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About Eurovision's Elephant in the Room


Written by Wolfe Ta’amai (them/use name) | @taaaaaamai | Contributing Writer

I cannot say I am surprised at the decision from the EBU (European Broadcasting Union) to let Israel participate in this year’s Eurovision. I must, however, convey deep disappointment.

Anyone who knows me personally knows my relationship with Eurovision. Growing up in sports country while never being interested in it wasn't easy; I never had any strong, consistent interests I could follow each year. 

And so, after discovering Eurovision in 2019, won for the Netherlands by a starry-eyed Duncan Laurence, I was enthralled. 

From there, getting to follow the leadup to each year’s contest was an engaging affair. The revealing of each entry. The ebb & flow of betting odds. Getting to discover all sorts of music you never would have expected to encounter. It was the sum of these that drew me in. Aside, across both the sonic and visual planes, much of the art that has had a shot on a Eurovision stage, or any of the national selections prior to the main contest, has proven a great inspiration for me as a fledgling creative. And so, it truly is shameful that the desire for revenue over celebration of art has tainted this year’s contest.

It’s safe to say Israel's participation was always the elephant in the room. 

Upon reading into the occupation of Palestine, every piece of news regarding their participation left a persistent bitter taste in my mouth. The taste, a stinging irony of sending queer acts as representatives to try justify their place as some democratic haven in the Middle East, when not only is anti-LGBT sentiment rampant there, but gay marriage is still outlawed. Their 2023 entry masqueraded itself as a feminist anthem; however, beyond the surface level interpretation of the lyrics, it acted more as a defence of the Zionist worldview. The lyrics referring to “if you’re gonna do it, don’t do it” and “history caught in a loop” were evidently written more from the viewpoint of nullifying foreign criticism, and the justification of their actions in occupied Palestine respectively. And after multiple revisions, the 2024 Israeli entry, originally titled “October Rain” will continue this trend. It takes very little comparison between the lyrics of “October Rain” and the approved submission, entitled “Hurricane” to see the latter for what it is; a barely restructured composition, with much of the propagandist messaging still clearly attached. There is an unwavering lump in my throat that no display of art, music or unity could overcome, as such an inclusion is entirely dismissive of a national broadcaster that has consistently proven itself to be complacent in the erasure of an entire people.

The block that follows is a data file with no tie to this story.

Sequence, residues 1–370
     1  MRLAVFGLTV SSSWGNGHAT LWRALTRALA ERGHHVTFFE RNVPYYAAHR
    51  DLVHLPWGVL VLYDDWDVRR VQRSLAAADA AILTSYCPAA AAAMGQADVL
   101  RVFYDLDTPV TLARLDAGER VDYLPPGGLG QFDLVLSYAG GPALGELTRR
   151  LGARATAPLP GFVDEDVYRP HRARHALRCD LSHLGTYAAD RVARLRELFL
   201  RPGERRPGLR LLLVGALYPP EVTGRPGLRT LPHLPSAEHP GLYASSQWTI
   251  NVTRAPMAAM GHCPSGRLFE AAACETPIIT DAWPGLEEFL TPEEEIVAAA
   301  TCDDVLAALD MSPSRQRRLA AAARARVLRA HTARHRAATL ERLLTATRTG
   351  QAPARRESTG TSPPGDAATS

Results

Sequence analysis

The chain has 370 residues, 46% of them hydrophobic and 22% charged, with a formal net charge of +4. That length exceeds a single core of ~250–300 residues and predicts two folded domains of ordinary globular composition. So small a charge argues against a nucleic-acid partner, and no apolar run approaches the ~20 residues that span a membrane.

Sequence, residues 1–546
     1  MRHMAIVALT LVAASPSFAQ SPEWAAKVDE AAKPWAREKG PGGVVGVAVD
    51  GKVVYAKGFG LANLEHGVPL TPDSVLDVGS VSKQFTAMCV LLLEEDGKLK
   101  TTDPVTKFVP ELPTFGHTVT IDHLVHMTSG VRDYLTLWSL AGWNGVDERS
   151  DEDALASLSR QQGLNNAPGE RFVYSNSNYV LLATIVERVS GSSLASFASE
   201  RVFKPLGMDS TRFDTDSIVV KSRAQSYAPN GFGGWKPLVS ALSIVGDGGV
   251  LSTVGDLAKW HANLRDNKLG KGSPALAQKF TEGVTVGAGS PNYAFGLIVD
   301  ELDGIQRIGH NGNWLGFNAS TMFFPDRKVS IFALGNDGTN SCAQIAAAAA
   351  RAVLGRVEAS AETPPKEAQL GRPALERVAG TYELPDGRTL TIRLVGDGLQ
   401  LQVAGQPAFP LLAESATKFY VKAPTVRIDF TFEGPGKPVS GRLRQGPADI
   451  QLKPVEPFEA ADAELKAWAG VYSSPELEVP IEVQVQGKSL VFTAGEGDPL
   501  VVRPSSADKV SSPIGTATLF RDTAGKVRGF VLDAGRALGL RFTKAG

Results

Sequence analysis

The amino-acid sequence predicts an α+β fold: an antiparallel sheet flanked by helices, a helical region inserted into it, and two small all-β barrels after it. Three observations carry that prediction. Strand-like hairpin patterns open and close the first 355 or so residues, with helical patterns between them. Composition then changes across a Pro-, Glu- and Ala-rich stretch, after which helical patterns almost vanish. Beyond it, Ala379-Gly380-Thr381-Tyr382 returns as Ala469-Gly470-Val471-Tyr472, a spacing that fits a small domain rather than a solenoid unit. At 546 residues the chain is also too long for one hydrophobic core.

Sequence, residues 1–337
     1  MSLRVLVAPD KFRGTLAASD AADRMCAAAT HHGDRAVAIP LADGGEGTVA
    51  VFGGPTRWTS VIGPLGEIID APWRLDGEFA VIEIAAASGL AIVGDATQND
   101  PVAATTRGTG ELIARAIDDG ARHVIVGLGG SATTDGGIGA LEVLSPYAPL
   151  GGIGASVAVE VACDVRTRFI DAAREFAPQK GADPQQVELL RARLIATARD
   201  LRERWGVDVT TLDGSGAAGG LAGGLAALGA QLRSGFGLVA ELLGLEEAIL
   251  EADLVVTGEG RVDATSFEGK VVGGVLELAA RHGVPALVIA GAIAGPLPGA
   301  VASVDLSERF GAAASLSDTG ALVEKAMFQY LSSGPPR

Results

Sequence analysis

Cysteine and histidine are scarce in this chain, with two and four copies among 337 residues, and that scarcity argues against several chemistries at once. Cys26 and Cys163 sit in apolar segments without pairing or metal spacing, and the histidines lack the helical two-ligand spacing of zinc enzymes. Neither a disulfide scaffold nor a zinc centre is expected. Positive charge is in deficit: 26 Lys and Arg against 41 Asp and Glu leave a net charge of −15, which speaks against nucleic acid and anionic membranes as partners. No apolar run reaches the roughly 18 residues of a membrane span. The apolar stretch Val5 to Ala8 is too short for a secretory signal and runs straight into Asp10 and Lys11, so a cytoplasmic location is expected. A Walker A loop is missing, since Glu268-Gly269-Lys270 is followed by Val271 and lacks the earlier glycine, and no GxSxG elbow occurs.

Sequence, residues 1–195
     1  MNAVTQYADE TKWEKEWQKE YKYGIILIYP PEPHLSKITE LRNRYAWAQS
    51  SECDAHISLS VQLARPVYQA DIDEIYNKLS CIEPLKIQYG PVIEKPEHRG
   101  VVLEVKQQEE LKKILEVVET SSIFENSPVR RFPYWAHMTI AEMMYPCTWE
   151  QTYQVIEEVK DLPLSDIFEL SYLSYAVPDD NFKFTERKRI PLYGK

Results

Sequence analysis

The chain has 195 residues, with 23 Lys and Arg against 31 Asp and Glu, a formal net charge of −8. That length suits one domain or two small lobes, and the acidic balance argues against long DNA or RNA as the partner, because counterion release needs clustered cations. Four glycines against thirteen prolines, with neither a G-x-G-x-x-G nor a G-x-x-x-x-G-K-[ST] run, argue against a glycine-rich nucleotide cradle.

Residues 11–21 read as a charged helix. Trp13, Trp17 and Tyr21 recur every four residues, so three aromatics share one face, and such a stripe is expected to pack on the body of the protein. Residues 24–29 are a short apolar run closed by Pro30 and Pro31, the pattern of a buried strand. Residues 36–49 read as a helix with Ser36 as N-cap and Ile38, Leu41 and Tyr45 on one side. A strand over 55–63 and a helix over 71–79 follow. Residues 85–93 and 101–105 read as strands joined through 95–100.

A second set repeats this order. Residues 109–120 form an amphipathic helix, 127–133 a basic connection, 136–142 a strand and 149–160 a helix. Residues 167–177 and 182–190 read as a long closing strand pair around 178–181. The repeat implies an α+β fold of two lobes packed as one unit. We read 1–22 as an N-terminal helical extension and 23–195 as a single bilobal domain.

An erasure evident with the story of Palestinian artist Bashar Murad.

Murad was announced as one of the shortlisted artists to represent Iceland at the 2024 contest. His entry “Wild West” was not only hotly tipped to win the national final, but also provide Iceland with a strong result, even propelling them to the top of the winning odds even before the national final. This was, however, never to be; despite making the top 2 of the selection, Murad was narrowly beaten by Hera Björk, losing out on the Eurovision ticket. The result came with allegations of irregularities within the voting, and news of an Israeli-led campaign to vote for Hera Björk to prevent Murad from winning emerged.

The parties both complacent & guilty in clear-cut genocide get to parade around a contest so strongly associated with peace & art.

 I can’t say that will ever sit right with me. And so, it is for that reason that despite my initial high expectations for the contest, and the incredibly diverse lineup, I cannot see myself watching the Eurovision Song Contest this year, especially one hosted in socially progressive Sweden, where I have staunch roots myself. Those in charge have prioritised the profitability of the contest over its morals and guiding sentiments, even if that means shamelessly letting blatant propaganda grace the world stage.

There is no good way to finish this piece, other than to reiterate that I am deeply disappointed with the EBU’s stance. Let it, too, be known that my critiques of Israel and the Zionist movement are not reflective of my views on the entire Jewish population, both by ethnicity and religion, and in doing so I would also like to add that many Jewish folk oppose the actions of Israel. Even if it sounds wishful given our current predicament, I believe that, as a collective, we can still use grassroots power to change that which is not right in this world, whilst condemning the powers that latch onto our voices to bring forth harm rather than progressive change. And one of those steps is to ban Israel and the Zionist entity from partaking in Eurovision.



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